Why value beats growth in dividend investing

There are many different investment styles and strategies for an investor to choose from. However, there are only two that have created fierce debates, which have been going on for decades. Which is better, growth or value stock? These two investment styles certainly are ideal for specific investors. But people try to determine which style is ultimately better for their portfolios in the long run. When it comes to dividends, one of these styles is without a doubt better than the other. Years of academic research and stock analysis show that an investor should be considering value when investing in dividends.

For any investor who is looking for income, the investor should steer their portfolio in the direction of value dividend stocks, as this is key to getting better returns. Basically, a growth stock is defined as a company that has the potential of “growing” in the predictable future. Typically, a growth stock will experience very faster than average increase in cash flow, earnings or revenues than sector or broader market averages. In addition, an investor will be willing to pay a premium price and hence higher price to earnings ratio. On the other hand, a value stock is one that is trading for a price that is below its fundamental worth.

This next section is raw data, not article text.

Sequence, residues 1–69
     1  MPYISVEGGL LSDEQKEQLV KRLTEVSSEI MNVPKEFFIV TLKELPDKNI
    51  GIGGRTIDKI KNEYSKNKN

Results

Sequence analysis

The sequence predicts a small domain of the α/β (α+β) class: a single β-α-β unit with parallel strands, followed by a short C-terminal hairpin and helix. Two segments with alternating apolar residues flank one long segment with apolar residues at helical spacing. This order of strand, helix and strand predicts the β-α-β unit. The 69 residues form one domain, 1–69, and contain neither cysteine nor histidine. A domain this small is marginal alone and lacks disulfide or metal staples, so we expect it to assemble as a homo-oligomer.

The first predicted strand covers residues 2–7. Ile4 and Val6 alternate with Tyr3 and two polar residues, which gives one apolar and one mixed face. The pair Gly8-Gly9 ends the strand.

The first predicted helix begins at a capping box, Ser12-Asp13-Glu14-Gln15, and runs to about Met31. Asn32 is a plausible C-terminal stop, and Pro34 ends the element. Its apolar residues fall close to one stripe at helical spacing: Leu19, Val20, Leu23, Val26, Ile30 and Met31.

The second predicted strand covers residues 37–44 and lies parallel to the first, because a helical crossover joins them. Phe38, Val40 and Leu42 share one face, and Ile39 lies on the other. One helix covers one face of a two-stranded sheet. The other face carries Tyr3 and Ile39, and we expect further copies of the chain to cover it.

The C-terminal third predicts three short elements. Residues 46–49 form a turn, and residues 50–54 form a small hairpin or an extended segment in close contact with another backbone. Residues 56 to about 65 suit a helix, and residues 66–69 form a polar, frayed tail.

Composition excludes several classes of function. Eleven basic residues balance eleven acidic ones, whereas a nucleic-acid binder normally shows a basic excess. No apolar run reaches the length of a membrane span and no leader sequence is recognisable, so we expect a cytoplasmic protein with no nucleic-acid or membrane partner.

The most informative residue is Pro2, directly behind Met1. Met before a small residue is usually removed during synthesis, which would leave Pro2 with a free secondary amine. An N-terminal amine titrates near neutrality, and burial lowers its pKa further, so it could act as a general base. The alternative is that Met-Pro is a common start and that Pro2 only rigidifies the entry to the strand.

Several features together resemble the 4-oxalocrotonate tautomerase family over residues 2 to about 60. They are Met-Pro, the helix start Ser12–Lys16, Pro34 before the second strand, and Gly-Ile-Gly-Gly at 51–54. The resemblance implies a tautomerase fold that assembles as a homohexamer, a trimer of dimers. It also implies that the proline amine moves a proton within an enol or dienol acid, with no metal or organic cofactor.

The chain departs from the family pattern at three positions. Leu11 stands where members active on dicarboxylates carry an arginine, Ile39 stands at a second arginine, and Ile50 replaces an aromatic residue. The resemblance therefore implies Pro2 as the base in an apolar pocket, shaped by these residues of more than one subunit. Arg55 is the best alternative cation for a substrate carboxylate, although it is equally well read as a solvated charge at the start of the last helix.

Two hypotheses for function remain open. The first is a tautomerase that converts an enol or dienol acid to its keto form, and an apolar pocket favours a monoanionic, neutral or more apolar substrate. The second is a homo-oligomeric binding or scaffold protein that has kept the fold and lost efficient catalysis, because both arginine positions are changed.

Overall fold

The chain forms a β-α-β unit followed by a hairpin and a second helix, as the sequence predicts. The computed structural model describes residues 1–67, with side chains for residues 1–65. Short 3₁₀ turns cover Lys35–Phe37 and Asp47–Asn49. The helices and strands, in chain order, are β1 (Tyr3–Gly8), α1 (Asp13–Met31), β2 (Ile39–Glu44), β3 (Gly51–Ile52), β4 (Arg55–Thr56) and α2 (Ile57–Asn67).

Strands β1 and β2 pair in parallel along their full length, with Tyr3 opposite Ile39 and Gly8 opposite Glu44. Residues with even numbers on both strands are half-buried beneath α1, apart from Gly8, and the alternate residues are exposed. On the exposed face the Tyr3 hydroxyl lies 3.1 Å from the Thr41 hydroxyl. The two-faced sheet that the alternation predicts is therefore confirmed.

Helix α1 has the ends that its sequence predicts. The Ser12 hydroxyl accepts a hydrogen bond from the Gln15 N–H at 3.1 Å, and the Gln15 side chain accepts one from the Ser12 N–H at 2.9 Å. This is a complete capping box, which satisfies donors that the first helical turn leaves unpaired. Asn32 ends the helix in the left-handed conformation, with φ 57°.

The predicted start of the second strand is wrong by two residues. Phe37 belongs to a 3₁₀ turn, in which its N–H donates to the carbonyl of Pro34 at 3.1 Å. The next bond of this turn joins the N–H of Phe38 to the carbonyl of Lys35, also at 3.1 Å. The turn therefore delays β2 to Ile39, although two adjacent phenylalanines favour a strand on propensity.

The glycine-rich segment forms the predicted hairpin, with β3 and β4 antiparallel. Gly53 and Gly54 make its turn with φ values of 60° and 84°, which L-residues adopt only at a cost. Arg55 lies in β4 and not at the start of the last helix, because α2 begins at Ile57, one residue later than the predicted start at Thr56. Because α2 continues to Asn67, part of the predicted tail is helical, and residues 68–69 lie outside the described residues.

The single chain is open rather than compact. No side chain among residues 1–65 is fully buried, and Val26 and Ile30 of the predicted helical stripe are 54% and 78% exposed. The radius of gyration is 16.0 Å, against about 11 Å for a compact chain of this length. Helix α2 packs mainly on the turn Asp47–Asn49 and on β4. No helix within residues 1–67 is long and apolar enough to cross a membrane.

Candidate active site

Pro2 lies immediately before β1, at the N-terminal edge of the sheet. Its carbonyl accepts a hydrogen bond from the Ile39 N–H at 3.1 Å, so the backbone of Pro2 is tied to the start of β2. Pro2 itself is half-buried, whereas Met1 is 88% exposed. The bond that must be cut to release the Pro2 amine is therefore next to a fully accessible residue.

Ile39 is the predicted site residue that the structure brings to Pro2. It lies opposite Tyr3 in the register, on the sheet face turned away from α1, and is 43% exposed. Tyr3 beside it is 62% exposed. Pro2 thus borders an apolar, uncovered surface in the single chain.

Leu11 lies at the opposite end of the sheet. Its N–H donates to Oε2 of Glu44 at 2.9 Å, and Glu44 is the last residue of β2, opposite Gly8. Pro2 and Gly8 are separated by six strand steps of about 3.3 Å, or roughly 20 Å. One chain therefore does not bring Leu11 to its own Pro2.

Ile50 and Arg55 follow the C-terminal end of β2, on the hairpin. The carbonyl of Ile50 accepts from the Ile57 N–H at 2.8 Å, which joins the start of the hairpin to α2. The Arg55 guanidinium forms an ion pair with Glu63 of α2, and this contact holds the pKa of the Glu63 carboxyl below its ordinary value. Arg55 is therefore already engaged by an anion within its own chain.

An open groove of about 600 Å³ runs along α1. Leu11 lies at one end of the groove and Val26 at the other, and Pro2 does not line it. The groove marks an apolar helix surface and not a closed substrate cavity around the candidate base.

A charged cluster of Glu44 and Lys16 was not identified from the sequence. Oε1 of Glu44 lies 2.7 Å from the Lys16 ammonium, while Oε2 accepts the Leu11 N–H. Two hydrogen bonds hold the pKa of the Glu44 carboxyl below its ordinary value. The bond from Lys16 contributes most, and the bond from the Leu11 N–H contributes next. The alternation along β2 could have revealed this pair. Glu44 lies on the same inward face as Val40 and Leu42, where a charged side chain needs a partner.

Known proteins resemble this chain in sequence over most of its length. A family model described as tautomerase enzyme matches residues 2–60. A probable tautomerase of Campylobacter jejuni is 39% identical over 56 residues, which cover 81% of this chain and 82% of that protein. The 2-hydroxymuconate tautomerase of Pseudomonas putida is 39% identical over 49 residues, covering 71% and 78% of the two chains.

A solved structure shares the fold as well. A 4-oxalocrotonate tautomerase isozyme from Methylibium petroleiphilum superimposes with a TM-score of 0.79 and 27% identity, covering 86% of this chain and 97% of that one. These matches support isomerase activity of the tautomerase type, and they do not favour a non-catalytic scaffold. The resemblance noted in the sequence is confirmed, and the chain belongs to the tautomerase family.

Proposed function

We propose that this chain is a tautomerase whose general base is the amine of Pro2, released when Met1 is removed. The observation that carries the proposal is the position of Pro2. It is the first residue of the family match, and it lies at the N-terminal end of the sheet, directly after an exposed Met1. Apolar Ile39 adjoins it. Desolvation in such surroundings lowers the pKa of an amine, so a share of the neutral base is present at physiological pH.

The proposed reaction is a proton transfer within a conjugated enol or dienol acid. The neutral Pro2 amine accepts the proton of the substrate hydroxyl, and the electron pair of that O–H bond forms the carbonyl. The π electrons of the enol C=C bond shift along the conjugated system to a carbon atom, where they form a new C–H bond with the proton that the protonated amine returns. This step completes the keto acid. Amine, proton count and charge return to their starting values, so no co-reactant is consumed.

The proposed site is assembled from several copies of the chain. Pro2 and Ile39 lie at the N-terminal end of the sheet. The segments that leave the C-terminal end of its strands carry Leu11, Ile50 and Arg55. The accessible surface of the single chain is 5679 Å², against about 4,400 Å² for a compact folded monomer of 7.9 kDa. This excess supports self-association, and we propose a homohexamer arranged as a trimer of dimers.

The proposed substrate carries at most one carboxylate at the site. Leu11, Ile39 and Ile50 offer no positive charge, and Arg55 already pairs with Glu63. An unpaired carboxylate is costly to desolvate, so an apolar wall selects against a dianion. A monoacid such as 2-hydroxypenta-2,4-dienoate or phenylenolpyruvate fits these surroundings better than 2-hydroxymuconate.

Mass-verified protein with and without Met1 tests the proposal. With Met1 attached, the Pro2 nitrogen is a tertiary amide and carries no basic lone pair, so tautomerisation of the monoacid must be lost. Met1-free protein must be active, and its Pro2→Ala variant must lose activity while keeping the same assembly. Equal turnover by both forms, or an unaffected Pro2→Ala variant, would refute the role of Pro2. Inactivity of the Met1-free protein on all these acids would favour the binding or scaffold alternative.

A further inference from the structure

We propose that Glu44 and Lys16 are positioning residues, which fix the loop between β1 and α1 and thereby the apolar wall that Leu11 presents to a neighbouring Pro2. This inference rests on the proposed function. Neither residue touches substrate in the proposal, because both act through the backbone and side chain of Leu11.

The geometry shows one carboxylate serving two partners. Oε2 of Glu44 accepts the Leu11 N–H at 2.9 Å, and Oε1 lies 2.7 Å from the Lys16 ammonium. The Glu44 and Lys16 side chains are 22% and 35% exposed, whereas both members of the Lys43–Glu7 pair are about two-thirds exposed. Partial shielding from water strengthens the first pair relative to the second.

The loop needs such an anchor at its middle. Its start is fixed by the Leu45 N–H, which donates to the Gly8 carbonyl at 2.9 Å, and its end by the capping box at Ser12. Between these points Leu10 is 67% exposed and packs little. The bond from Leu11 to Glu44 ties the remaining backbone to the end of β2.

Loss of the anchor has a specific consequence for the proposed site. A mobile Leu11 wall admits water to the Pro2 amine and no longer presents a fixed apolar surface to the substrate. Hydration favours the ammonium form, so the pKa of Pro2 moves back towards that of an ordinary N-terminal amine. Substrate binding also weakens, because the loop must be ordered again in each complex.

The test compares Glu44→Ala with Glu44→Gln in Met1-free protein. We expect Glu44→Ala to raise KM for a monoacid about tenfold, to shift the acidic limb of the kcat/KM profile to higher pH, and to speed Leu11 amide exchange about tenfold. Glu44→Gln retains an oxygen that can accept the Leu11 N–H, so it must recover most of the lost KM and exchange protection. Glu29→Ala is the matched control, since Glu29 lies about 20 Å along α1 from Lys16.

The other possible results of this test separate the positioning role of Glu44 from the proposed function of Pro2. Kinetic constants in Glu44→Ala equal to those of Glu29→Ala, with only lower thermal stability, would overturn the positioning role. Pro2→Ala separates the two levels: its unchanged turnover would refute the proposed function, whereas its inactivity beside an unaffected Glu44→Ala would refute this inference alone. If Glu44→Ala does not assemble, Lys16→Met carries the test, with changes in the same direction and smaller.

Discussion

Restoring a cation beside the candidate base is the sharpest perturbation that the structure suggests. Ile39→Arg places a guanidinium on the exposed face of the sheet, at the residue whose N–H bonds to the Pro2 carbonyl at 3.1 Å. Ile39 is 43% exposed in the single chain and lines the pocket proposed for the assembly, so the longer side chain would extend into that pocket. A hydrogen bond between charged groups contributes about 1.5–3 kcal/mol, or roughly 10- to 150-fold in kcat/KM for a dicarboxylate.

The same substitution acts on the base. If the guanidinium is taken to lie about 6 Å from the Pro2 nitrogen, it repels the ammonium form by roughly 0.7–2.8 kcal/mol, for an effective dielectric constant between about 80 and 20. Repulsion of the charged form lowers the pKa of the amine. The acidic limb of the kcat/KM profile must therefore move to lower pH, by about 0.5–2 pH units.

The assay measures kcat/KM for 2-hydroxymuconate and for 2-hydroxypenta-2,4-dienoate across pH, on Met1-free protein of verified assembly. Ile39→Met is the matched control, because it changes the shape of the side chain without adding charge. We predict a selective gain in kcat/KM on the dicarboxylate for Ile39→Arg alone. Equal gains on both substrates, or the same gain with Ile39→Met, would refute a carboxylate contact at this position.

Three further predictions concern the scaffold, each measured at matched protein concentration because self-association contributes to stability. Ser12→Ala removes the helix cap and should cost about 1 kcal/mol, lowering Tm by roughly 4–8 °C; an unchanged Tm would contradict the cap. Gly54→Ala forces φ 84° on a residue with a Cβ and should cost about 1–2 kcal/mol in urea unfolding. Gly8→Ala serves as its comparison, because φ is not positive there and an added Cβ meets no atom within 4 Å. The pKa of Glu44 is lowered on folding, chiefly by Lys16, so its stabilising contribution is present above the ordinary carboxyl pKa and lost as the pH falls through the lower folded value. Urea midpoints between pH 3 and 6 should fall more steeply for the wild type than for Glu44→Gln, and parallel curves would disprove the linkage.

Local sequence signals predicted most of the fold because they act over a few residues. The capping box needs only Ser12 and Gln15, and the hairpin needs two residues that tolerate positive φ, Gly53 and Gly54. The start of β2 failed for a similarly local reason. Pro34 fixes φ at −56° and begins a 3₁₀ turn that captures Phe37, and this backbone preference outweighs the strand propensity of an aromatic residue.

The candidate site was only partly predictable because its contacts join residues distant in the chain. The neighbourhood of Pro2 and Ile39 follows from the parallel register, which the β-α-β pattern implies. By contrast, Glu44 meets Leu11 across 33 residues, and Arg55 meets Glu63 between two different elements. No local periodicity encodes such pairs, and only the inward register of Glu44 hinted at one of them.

This can essentially be on a combination of various factors such as assets on hand, book value or debt to equity. The market can undervalue the stock due to various reasons, but the general factor is that the stock is worth more than it is currently being traded for. From these two definitions, it can be clear to see why value will always beat growth as far as dividend investing is concerned. This is because most growth stocks are sometimes small- and mid-caps, but value stocks are large-caps owned by already established companies. Growth stocks are common with smaller firms, which tend to devote their revenues towards acquisitions and expansion.

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